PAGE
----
Dividend distribution tax proposal comes into effect from April 1
It is the first and most tempting thing to do, but may not be quite possible, says the Chief Financial Officer of a mid-sized company, when asked if companies were likely to rush in and announce interim dividends before April 1, following the increase in the dividend distribution tax (DDT).
This Budget had increased the DDT by 2.5 per cent from 12.5 to 15 per cent and some analysts were of the opinion that there would be a spate of companies rushing in to announce interim dividends by March 31, when it comes into effect. By announcing a dividend in the current financial year, companies would not attract the additional tax burden.
But a company official points out that the last time such a scramble had taken place was when DDT was introduced some years ago. The proposal was to come into effect in June and that gave companies time to announce interim dividends. The Union Finance Ministry had to finally step in to stem the scramble, he recounts.
But once bitten, twice shy and this year the Ministry has not given companies the liberty of time, as the DDT proposal comes into effect from April 1.
Mr N. Santhanam, Group-President (Legal) and Chief Financial Officer, Nicholas Piramal India Ltd, quite agrees. If a listed company had to declare an interim dividend, it requires three weeks to inform the stock exchanges.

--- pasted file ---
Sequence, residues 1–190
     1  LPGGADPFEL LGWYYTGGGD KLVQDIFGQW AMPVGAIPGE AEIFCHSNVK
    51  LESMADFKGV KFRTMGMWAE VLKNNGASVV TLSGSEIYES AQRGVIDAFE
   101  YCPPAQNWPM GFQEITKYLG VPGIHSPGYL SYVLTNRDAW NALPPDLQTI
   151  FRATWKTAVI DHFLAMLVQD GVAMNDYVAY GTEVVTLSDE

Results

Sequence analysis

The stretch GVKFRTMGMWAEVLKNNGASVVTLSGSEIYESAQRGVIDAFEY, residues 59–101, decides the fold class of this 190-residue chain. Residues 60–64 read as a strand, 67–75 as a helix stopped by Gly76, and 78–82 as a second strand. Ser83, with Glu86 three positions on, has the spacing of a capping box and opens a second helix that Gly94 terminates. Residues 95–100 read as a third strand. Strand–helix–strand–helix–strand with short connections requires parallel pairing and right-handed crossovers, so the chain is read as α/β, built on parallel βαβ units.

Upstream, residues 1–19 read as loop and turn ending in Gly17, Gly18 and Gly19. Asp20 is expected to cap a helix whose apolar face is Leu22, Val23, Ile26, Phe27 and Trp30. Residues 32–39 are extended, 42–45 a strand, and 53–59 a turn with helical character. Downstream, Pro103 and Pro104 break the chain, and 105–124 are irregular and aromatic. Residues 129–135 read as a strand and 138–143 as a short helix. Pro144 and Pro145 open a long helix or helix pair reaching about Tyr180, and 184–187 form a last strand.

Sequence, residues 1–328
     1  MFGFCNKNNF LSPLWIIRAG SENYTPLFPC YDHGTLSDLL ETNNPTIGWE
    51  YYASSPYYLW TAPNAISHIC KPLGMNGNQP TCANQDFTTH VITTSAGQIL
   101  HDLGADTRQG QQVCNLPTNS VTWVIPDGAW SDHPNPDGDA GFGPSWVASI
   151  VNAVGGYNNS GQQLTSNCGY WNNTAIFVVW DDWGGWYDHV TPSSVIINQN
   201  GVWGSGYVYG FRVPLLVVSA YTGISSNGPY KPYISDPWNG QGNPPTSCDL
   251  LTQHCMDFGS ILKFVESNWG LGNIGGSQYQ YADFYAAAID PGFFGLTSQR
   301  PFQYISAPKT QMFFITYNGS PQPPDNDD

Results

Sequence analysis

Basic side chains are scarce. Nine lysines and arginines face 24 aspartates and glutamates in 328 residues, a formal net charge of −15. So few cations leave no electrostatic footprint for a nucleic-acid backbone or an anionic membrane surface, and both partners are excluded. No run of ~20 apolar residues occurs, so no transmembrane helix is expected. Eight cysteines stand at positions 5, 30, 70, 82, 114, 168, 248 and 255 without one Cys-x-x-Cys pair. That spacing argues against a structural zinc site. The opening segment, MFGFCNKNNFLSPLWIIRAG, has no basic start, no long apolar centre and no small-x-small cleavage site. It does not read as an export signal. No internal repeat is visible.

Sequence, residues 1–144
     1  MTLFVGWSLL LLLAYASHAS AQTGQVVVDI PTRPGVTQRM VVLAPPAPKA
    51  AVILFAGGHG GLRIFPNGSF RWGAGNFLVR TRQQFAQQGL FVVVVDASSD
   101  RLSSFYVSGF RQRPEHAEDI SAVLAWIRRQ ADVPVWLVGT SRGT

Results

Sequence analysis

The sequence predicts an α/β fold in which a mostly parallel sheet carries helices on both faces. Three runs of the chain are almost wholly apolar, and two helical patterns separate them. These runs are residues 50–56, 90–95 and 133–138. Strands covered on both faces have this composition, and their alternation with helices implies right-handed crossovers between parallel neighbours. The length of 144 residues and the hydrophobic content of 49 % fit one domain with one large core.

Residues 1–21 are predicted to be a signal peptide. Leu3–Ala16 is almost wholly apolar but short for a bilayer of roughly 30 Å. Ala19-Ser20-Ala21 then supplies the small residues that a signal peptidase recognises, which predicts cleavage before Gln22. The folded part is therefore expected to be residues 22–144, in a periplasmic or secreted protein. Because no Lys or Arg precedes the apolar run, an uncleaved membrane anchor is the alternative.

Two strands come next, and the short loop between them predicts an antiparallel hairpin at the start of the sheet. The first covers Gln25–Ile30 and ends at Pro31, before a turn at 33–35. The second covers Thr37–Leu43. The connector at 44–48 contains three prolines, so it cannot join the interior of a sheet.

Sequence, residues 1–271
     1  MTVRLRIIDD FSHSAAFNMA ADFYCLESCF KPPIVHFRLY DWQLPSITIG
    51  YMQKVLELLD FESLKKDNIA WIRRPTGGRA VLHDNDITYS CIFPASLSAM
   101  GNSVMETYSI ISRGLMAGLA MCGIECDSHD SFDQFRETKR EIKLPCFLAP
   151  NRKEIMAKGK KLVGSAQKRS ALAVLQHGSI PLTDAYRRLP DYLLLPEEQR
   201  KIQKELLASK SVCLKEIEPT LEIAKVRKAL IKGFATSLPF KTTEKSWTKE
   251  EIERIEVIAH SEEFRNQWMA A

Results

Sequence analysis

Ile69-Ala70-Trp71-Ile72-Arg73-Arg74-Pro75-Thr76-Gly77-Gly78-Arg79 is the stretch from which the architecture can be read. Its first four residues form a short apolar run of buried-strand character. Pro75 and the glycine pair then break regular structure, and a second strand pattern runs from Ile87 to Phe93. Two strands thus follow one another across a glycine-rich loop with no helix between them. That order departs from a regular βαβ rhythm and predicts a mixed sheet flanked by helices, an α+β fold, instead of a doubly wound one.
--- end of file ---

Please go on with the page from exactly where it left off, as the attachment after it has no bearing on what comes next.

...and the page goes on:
And that makes it difficult. Companies with F&O scrips, need 30 days notice and for them it becomes physically impossible to declare an interim dividend by April, he said.
Also, it is an incremental increase of about 3 per cent and companies are unlikely to scurry in for interim dividends, Mr Santhanam said. It would be bad corporate governance, he added.
A stock market analyst echoes this assessment, in that companies may not rush in for an interim dividend before March 31. The large dividend payers are the public sector units and the large oil PSUs, for instance, have announced their interim dividends.
Companies in the FMCG (fast-moving consumer goods) and pharma sector, for example, with a December year-ending, may still look at the prospect of giving a dividend, he said.
Though some companies may go in for an interim dividend, responding to the Budget's announcement, it is unlikely that the big listed companies will rush in to do the same by the end of the month, he said.